Courts are central organs of the US executive branches of power, and they play a very important role for the state, as well as for the everyday wellbeing of the people, who live in the country. A court is a governmental organization which has the authority to judge two parties that cannot agree on certain issues. The court is supposed and has the authority to make judgments as to which one of them is right in accordance to current legislation. Courts make judgments in civil, criminal, constitutional and administrative cases so as to bring them into accordance with the rule of law.
There is a traditional approach to the courts. The courts are being seen as the organizations, where parties converse in order to reach an agreement on the matter of their dispute. The judge and the juries are there to help the parties reach the agreement. This is a simple, straight-forward model. It is easier to see the courts in such a light. Meanwhile, it is important to understand that in real fact, by far, not in all cases the agreement is being reached, and the agreement of the parties may very well contradict the letter and the spirit of the law. This is why it is important to find a different way of seeing the problem. Though there are a large number of courts, or, it would be better to say, a large number of different types of courts, it is important to find a single formula for describing their roles.
Each member of the process at court has his/her, very well established and clearly described roles. The whole performance should not be limited to the conversation. Before the conversational part takes place, the judge and the prosecutor, as well as the representatives need to get acquainted with the materials of the case, as well as with the parts of legislation, related to the issue. They are supposed to read all this information in order to reach a clear understanding of the picture. However, each one of the members may have overlooked something in the materials of the case, which are, as a rule, numerous, may not have paid attention to some of the papers and some of the facts, misunderstood something - which is quite human and can be expected. This is what the whole process of court hearings is being designed for. If something is overlooked, or, in the worst case scenario, hidden by one of the parties, there are other people to point at the missing detail, to make the picture look complete and, therefore, bring it into accordance to the letter and the spirit of the law. According to Worrall (2008), there appear more and more cooperation programs implemented into judiciary system of the US, and they bring very promising effects. Various existing programs, in accordance to their interest field, are being connected into sorts of networks, which help each one of those programs work more effectively. This is important to understand that, at the very same time, this also helps save money since only existing programs are being connected and new ones are not being created. The same should refer to the roles of people at court. Their goal is not only to speak up and try to convince each other, but it is much more serious. The goal is to cooperate and collaborate in the name of the law. Their goal is to help each other understand things, which may have been misinterpreted; their role is to point at the things, which may have been overlooked. This is why it is important to speak about co operational, rather than the conversal function of the court. Making agreements does not require the court and the judge to be present at the conversation of the parties. If the parties are ready to reach the agreement, if they are open for the conversation, this conversation should be held beyond the court house.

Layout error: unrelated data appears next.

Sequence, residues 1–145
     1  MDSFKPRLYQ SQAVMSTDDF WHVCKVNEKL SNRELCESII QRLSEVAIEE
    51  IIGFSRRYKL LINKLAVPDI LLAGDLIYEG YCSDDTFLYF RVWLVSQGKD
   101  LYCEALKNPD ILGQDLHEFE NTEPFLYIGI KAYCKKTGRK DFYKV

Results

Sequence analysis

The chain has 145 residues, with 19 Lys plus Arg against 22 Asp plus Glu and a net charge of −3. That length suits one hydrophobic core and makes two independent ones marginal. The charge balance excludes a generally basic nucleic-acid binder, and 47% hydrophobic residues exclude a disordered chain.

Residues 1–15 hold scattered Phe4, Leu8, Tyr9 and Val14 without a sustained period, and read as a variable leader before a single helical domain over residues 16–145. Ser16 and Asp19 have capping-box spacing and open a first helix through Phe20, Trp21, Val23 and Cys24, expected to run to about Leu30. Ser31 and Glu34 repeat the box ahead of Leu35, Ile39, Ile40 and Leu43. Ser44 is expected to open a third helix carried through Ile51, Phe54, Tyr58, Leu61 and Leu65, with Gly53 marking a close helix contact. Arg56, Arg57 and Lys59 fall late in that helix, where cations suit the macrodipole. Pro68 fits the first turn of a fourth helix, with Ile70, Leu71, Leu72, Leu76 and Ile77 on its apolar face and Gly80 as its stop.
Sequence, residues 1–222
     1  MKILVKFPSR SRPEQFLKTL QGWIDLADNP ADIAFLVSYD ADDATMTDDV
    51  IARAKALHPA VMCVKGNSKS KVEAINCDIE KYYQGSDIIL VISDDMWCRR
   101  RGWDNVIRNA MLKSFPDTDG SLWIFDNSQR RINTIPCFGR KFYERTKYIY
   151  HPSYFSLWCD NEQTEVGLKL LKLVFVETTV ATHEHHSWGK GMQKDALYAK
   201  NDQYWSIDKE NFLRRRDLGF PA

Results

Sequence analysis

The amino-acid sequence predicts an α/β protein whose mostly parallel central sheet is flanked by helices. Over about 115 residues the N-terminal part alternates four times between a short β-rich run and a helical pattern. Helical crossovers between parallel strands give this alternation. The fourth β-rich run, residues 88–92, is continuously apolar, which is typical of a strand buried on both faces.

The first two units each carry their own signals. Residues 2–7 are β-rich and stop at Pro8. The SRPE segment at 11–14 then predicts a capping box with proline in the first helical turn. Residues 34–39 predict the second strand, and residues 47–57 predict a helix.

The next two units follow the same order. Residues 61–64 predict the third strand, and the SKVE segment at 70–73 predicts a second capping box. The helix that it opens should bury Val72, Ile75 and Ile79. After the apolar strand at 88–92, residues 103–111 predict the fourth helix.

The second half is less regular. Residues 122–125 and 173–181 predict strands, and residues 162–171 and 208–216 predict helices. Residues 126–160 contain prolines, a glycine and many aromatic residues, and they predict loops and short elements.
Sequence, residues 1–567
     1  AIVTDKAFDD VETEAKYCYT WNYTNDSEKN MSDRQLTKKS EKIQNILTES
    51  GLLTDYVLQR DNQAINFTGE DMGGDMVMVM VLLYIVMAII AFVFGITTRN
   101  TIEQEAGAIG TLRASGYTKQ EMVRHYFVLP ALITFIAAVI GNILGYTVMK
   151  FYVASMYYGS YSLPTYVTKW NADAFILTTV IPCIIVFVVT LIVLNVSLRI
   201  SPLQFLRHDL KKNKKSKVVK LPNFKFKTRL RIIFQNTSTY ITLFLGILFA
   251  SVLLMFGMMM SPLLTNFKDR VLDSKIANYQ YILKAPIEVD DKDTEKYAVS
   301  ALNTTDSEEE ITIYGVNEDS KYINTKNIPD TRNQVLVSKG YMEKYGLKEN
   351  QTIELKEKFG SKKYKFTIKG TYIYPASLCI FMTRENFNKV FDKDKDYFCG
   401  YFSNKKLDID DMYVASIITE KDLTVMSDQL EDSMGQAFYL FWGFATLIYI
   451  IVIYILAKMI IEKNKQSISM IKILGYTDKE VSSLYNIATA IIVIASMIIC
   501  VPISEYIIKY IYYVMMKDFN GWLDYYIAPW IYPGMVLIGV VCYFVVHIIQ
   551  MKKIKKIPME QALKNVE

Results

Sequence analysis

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Meanwhile, when all the participants of the court process collaborate to help each other, is also somewhat idealistic. This is the way things have to look; this is the right way to go, but it is not the way it regularly works. Cole (ND) speaks to express his very critical attitude to the courtrooms. Unfortunately, the court system is far from being ideal. It is important to understand that the decisions are often taken by judges in the atmosphere, when they have to take decisions fast and when there are other workers of the court running around and making noise, distracting from the main activities. Besides, many of the participants of the process simply do not understand their roles in it. Instead of trying to get the clearest picture of the case heard, they oftentimes start persuading each other about how right their position is, oftentimes not appealing to the laws but rather trying to manipulate them and find the most comforting light to show their arguments under.
This is why ideally the courts should be places of cooperation of different participants, willing to put everything in strict order, willing to achieve justice. However, it is not the way things are currently. However, it is definitely the way to go, the right way and the right goal to set. It is hard to say whether or not this goal can ever be achieved, but the whole court system needs to work hard for the achievement of this somewhat idealistic goal.